Create ISO from USB drive


You can use dd for this. In the example commands below, I'm assuming your USB device is recognized by the system as /dev/sdb. You should make sure that this is the case before executing any of the commands below, because if you get the device name wrong, the second command below will end up overwriting the wrong device and destroying your data.

To make an image from your existing USB setup and write it to the file usb-image.iso:

sudo dd if=/dev/sdb of=usb-image.iso
You could now remove your current USB device and connect an empty device, which the system should again see as /dev/sdb. To copy the usb-image.iso file onto the new device:

sudo dd if=usb-image.iso of=/dev/sdb
Again it is EXTREMELY IMPORTANT that you make sure you're using the correct device name before executing the command above. Otherwise you run the risk of clobbering the data on some other disk device that may be critical to your system.

If you use if=/dev/sdb1 instead of if=/dev/sdb, then you will create an image of the partition. If you have a larger USB drive, you can simply create a correctly sized partition on that drive and then copy your image to just that partition using the partition's device name as the of= parameter, as in of=/dev/sdb1.

gnome-disk-utility (Disks)

Another option is to use gnome-disk-utility.

You can start if from a terminal with gnome-disks or look for the application Disks in the Dash.

Once the USB stick is mounted, select it and use the more actions icon to choose Create Image.

Disks is a GUI for the same command.

Shrinking images on Linux

by FrozenCow

When creating images from existing ISOs you often need to allocate a number of MB for the image to at least fit the files that are in the ISO. Predicting the exact size of the image is hard, even for a program. In this case you will create an image that is larger than actually needed: the image is much larger than the files on the image are combined.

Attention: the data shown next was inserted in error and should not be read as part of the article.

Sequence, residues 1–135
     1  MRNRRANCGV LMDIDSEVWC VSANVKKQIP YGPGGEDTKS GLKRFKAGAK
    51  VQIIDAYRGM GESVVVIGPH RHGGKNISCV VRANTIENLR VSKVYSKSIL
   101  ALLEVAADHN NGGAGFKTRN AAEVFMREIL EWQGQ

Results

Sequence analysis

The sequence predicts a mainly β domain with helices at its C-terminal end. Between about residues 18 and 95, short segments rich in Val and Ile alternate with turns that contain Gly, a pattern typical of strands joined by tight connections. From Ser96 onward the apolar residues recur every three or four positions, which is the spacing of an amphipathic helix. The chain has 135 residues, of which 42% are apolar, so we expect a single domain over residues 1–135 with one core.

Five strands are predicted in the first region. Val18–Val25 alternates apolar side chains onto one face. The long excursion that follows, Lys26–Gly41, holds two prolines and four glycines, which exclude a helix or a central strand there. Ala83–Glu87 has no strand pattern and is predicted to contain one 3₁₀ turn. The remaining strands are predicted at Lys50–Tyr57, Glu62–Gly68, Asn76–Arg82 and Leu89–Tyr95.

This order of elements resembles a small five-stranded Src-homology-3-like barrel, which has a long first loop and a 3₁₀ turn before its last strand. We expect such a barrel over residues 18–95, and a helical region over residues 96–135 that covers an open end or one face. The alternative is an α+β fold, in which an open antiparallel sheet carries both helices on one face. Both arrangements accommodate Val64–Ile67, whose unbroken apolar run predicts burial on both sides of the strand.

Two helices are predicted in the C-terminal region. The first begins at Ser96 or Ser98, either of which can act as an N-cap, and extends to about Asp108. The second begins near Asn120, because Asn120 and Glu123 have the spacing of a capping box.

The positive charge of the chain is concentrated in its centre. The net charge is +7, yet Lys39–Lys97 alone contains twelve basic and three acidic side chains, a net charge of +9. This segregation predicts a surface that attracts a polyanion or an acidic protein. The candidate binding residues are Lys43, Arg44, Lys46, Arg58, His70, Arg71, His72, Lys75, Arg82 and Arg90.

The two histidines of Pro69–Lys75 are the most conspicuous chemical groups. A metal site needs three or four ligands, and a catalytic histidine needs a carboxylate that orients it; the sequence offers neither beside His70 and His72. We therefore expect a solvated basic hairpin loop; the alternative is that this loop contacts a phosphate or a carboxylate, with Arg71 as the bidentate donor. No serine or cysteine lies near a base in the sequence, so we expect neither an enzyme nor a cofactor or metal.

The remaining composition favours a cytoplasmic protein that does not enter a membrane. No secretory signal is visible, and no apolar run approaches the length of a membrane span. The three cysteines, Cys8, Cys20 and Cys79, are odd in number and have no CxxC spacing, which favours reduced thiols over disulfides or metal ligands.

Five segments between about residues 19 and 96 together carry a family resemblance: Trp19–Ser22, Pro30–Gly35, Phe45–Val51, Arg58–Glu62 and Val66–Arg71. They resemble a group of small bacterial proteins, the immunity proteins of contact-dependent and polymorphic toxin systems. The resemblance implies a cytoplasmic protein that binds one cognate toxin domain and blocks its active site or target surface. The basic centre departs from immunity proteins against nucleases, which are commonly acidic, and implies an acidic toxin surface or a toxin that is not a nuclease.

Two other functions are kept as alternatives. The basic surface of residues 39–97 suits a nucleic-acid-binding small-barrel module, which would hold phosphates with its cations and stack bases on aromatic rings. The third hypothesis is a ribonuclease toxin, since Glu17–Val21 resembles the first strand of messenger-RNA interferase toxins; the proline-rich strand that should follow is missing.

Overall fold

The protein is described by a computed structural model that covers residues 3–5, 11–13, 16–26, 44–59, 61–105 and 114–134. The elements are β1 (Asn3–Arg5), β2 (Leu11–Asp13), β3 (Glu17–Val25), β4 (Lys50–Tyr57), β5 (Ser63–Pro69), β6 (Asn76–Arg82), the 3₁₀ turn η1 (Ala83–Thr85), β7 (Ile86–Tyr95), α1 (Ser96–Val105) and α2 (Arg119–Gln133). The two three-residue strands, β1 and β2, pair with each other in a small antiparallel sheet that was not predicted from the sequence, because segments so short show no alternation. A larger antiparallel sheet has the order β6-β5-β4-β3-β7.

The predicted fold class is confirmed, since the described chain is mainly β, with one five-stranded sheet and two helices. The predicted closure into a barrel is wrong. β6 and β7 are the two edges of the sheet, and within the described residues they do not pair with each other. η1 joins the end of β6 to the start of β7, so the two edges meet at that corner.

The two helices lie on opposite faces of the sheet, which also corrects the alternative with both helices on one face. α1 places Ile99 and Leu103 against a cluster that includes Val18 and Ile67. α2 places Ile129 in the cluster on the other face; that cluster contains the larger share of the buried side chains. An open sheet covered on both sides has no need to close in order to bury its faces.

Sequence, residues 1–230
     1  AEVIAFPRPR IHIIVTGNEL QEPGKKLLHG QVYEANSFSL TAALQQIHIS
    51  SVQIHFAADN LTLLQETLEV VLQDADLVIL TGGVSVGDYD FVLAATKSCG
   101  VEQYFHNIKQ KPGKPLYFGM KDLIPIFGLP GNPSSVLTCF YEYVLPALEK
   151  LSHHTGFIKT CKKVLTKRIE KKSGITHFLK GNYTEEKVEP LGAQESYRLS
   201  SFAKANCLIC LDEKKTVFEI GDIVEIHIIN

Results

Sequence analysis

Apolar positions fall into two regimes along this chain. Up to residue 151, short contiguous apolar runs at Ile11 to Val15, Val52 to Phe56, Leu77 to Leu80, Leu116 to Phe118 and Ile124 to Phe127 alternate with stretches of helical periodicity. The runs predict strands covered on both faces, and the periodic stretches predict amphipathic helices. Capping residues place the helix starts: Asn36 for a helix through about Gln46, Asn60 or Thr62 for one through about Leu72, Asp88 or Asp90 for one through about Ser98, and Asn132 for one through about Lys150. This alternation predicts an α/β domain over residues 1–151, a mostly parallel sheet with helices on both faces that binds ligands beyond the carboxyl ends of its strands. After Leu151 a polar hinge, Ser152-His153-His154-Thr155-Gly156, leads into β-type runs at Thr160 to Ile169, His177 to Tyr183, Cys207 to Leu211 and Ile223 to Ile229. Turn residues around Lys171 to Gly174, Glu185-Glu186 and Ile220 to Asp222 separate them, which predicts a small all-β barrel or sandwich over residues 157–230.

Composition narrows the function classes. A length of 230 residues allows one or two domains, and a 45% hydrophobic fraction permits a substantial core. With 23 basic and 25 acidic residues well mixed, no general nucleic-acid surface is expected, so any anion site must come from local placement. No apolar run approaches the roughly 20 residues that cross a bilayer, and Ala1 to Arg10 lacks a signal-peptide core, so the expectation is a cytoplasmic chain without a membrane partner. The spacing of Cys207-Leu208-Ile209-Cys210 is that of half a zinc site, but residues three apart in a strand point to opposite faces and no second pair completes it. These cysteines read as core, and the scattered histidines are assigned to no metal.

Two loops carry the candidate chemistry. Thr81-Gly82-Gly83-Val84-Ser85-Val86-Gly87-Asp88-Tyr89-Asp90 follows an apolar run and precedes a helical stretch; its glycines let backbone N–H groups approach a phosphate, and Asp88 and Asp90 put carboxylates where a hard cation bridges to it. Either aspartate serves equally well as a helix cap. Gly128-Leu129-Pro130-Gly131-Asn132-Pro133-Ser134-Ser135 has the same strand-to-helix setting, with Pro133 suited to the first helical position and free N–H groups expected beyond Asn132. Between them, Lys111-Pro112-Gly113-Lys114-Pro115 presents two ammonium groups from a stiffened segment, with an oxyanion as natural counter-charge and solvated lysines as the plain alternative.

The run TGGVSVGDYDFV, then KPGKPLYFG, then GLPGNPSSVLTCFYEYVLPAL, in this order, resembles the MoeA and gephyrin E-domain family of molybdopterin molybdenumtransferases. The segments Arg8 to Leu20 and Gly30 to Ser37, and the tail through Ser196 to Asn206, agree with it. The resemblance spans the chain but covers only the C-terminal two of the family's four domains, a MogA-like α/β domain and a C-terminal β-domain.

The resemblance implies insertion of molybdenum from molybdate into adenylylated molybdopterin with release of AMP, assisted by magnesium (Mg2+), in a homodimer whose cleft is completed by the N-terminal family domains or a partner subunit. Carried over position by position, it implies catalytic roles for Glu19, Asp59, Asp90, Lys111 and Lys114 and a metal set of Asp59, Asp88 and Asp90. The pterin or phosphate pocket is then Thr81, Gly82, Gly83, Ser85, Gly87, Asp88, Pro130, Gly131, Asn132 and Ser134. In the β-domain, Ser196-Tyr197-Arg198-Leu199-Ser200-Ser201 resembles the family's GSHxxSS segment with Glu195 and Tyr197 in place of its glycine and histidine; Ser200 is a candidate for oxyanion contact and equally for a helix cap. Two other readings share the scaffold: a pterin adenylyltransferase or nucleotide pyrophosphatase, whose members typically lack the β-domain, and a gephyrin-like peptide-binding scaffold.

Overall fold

This post will show how to shrink an existing image to a more optimal size. We will do this on Linux, since all required tools are available there: GParted, fdisk and truncate.


Creating loopback device

GParted is a great application that can handle partition tables and filesystems quite well. In this tutorial we will use GParted to shrink the filesystem (and its accompaning partition in the partition table).

GParted operates on devices, not simple files like images. This is why we first need to create a device for the image. We do this using the loopback-functionality of Linux.

First we will enable loopback if it wasn't already enabled:

$ sudo modprobe loop

Now we can request a new (free) loopback device:

$ sudo losetup -f

This will return the path to a free loopback device. In this example this is /dev/loop0.

Next we create a device of the image:

$ sudo losetup /dev/loop0 myimage.img

Now we have a device /dev/loop0 that represents myimage.img. We want to access the partitions that are on the image, so we need to ask the kernel to load those too:

$ sudo partprobe /dev/loop0

This should give us the device /dev/loop0p1, which represents the first partition in myimage.img. We do not need this device directly, but GParted requires it.

Resize partition using GParted

Next we can load the device using GParted:

$ sudo gparted /dev/loop0
We want to resize this partition so that is fits it content, but not more than that.

Select the partition and click Resize/Move.

Drag the right bar to the left as much as possible.

Note that sometimes GParted will need a few MB extra to place some filesystem-related data. You can press the up-arrow at the New size-box a few times to do so. For example, I pressed it 10 times (=10MiB) for FAT32 to work. For NTFS you might not need to at all.